Unfortunately, there is a deeper division between the two major parties with no common ground. Games are being played. Our current president is making the division his “wall,” his “my way or the highway battle cry” and his re-election campaign. He has taken over the traditional Republican Party and has worked hard to lock in his supporters by making them feel that they have been left out and only he can save them. Compromise seems more difficult than it has ever been.

Now as the pandemic surges across our country and across our world, we are living in fear for our lives and the lives of our families. We lack leadership in turning this virus assault around. Everything is political even health care and resources to fight the virus. It feels like we have lost our way and our democracy is at risk along with our economy. Why is that? What has happened to us as a nation, as a people with common goals? These are strange times indeed when division is the rule. People are rioting in the streets and individuals are carrying guns and assault weapons.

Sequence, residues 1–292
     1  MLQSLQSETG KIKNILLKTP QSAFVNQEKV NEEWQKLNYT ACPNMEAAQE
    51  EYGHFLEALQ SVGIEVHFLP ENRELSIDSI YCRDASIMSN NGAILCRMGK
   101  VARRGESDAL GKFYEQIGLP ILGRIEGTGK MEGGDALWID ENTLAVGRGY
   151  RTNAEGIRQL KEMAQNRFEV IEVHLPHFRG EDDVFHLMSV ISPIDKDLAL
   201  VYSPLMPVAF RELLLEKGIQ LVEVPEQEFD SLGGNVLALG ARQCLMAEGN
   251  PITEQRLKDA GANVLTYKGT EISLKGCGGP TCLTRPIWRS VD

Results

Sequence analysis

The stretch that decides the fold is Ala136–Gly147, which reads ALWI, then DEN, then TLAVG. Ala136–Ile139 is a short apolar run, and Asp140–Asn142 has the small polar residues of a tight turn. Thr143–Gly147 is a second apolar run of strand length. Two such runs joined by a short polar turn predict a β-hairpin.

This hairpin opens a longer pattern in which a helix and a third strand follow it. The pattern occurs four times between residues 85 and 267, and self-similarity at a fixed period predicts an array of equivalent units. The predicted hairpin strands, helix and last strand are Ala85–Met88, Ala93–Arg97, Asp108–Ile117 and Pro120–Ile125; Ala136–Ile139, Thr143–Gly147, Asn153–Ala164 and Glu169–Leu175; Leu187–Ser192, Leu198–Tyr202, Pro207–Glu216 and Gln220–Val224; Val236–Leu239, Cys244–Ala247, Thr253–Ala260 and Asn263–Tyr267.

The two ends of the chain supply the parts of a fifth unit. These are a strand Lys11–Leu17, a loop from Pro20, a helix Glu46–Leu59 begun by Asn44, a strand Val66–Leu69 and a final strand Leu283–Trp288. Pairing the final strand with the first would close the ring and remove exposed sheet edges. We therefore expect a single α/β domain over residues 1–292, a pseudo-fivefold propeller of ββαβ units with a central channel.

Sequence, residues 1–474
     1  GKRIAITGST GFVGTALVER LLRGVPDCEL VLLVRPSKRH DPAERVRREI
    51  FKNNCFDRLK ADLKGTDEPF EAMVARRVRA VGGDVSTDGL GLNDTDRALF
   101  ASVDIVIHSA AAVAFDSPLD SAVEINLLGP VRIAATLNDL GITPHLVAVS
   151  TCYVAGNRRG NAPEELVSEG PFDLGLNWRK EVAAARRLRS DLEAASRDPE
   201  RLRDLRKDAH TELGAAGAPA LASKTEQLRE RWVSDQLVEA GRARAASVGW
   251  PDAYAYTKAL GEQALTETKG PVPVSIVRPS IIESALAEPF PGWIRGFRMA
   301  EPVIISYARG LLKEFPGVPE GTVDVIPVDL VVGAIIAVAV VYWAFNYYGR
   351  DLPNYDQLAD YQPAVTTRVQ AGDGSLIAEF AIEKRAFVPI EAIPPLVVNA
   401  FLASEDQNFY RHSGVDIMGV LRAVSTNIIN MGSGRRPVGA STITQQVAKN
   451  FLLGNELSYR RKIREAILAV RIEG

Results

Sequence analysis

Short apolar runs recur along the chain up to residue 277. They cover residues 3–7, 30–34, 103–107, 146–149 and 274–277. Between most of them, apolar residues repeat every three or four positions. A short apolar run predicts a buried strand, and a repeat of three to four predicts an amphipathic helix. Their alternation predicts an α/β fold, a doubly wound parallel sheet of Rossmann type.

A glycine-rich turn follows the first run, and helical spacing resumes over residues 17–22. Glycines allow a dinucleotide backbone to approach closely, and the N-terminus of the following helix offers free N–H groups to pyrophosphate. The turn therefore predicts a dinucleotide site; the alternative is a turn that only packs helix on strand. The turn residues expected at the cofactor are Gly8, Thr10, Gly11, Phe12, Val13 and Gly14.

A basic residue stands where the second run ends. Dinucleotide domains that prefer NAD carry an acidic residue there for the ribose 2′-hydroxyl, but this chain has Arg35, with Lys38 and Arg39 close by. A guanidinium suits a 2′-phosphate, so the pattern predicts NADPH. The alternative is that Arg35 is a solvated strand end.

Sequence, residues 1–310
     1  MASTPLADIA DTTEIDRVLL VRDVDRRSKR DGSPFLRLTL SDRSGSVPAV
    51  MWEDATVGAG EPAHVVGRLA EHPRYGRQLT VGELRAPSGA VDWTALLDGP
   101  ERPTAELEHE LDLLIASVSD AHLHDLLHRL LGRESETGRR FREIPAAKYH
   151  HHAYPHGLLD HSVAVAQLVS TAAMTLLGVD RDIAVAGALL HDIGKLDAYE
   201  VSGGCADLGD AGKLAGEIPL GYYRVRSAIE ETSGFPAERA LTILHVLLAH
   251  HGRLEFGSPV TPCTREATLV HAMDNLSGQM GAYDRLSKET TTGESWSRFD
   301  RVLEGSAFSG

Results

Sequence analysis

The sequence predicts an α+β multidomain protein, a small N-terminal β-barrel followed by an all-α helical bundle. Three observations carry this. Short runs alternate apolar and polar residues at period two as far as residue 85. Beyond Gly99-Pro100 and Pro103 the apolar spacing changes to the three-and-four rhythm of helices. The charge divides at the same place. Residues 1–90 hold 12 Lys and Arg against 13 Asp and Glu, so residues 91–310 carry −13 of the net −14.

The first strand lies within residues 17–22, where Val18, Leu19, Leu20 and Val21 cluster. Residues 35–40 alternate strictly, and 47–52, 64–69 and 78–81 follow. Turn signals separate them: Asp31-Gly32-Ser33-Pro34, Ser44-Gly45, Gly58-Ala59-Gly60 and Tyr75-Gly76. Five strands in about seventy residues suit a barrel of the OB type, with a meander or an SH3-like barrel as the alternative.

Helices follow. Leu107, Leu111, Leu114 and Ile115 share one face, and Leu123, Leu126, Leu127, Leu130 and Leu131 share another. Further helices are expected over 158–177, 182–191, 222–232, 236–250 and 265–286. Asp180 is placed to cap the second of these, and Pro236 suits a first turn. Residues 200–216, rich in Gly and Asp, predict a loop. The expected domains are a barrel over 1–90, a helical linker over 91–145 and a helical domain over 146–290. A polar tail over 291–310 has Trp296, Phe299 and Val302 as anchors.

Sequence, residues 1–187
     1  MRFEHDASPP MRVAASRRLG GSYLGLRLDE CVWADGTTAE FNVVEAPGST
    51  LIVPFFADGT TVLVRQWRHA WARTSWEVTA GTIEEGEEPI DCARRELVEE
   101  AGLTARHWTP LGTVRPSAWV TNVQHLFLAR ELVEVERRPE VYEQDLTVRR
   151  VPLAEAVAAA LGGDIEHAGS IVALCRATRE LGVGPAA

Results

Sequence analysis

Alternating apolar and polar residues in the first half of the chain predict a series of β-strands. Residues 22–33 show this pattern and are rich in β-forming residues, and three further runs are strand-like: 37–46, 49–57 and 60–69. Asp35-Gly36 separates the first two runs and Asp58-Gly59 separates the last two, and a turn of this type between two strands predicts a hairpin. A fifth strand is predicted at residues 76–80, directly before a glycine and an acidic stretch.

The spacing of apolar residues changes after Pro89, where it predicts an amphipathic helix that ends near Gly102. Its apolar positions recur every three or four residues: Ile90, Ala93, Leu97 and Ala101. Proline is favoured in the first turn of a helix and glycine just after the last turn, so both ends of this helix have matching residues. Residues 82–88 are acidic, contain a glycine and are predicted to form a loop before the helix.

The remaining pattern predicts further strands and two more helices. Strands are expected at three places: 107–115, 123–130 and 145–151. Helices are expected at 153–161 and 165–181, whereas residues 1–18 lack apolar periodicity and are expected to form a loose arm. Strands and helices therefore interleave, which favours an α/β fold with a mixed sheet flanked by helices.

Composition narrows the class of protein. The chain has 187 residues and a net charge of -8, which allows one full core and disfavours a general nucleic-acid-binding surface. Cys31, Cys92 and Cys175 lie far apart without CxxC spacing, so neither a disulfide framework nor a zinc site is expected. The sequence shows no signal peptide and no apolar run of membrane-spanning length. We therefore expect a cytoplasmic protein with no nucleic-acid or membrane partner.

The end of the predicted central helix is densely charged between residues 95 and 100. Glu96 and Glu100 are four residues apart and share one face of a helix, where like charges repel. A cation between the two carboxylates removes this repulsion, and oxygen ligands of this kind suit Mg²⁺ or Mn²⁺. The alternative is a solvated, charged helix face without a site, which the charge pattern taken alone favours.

We need to back off. We need leadership that will bring us back together. I believe that we must support Biden and everyone should support him with this awesome task. Our nation and our democracy depend on it.

from Fred:  some well-informed and interesting notes on political history of the U.S.: Fred on Politics Aug 9, 2020  (click to enlarge).

from a grade school friend who I’ve kept up with for many years, a retired engineer:

As I have indicated in the past, I am a center-right progressive in the ilk of Teddy Roosevelt and Dwight D Eisenhower.  I always have been and always will be.  I was impressed by what I learned about Teddy Roosevelt in school and his time in North Dakota, and impressed by Eisenhower who was president while I was in grade school. Further, their actions were also consistent with my moral upbringing, which should and does play a role in my political views.